Welfare reform and housing shortage changing frontline housing roles
Welfare reform, lack of housing supply and the increasing gap between income and housing costs are having the biggest impact on frontline housing roles according to new research.
Initial findings from the Frontline Futures study reveal that people who live in social housing need increasing levels of support – and in many cases housing professionals are expected to fill the gap left by the withdrawal of other services.
The UK-wide research, commissioned by the Chartered Institute of Housing (CIH) and Wheatley Group, found that frontline workers want their employers to provide education and training, but also wellbeing support to help them cope with fear, distress and suicide threats from tenants under increasing pressure.
De Montfort University’s Centre for Comparative Housing Research (CCHR) carried out the study, which saw 1,054 housing professionals and tenants responding to online surveys.
Dr Jo Richardson of CCHR said the results show how valuable frontline housing workers are – in some cases helping to save lives. She said: “Housing professionals are often the one constant in some tenants’ lives. Where other public services respond in a crisis, housing is already there and can observe and act quickly when intervention is needed.
“In Scotland, one housing officer told us about responding to a tenant who said he would commit suicide. In that instance, a swift and compassionate response linking the police, health services and family members literally saved a life – what higher social value is there than that?”
The initial findings from Frontline Futures are being launched tomorrow (Tuesday 11 March) at CIH Scotland’s Annual Conference and Exhibition in Glasgow. The research found that mobile technology is increasingly freeing housing workers from the office, allowing them to spend more time on their ‘patch’ and in customers’ homes.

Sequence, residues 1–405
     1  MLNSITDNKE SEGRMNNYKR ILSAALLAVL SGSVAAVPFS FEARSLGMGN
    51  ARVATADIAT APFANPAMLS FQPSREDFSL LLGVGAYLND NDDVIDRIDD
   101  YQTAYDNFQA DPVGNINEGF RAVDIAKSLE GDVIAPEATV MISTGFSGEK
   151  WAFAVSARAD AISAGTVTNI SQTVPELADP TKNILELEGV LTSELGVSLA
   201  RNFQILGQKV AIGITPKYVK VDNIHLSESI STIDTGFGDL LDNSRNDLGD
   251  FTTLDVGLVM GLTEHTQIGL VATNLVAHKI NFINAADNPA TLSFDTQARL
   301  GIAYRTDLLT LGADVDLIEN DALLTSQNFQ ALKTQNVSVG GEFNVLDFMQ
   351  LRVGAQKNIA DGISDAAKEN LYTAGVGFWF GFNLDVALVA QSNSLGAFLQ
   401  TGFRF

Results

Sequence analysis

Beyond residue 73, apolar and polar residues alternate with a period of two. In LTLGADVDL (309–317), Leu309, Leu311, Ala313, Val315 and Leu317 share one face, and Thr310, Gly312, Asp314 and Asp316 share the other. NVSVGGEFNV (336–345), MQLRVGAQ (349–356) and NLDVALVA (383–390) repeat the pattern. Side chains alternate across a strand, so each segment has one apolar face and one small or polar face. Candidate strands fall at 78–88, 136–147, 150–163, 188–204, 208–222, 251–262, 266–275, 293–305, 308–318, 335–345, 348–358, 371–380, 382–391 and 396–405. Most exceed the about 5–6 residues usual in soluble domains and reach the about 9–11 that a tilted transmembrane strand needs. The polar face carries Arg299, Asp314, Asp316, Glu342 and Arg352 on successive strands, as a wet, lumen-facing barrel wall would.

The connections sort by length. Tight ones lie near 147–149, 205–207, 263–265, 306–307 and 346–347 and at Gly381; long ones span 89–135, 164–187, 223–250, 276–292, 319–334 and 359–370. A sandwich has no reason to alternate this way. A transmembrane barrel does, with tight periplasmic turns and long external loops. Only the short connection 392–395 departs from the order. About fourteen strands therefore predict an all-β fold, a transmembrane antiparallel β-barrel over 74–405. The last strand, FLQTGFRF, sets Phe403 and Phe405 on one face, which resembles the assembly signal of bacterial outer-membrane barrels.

The tenants who responded to the survey said they would like to see even more of their housing officers, with some keen for tenants to play a stronger role, using their knowledge of their own neighbourhoods to work alongside housing professionals.
Housing professionals said they expected having a commercially-minded approach to become increasingly important in the future. CIH director of membership and education Judy Waugh said: “This is business for a purpose – this research shows that housing professionals believe maximising income is vital if they are to continue to deliver services and invest in new and existing homes.”
The study also showed the diversity of frontline housing roles and the breadth of services workers are expected to deliver. Although ‘housing officer’ was the job title cited most often by people who responded to the survey, a huge variety of different job titles were given, with roles encompassing management, rents, repairs, support, neighbourhoods, governance, tenant involvement and organisation leadership.
Judy Waugh said: “This research shows that frontline housing professionals are providing hugely valuable services – and also demonstrates the pressure they are under from welfare reform and the housing crisis. It’s clear that the profession is changing, so it’s vital that employers invest in training, education and support to give their staff all the tools they need to do the best job they can. Ultimately, ensuring housing professionals have the right skills is crucial if organisations want to continue supporting residents and investing in their communities.”Hazel Young, Wheatley Group’s director of policy and service development, said: “We’re really pleased to be involved in this exciting and important research. It confirms the vital role that social housing landlords play within their communities and will provide us with insight to help us to shape future services. We’re a forward thinking organisation and we’re constantly evolving and supporting our staff to meet the changing needs of our customers.”
CIH Scotland's Annual Conference and Exhibition takes place on 11-13 March at the SECC in Glasgow. Find out more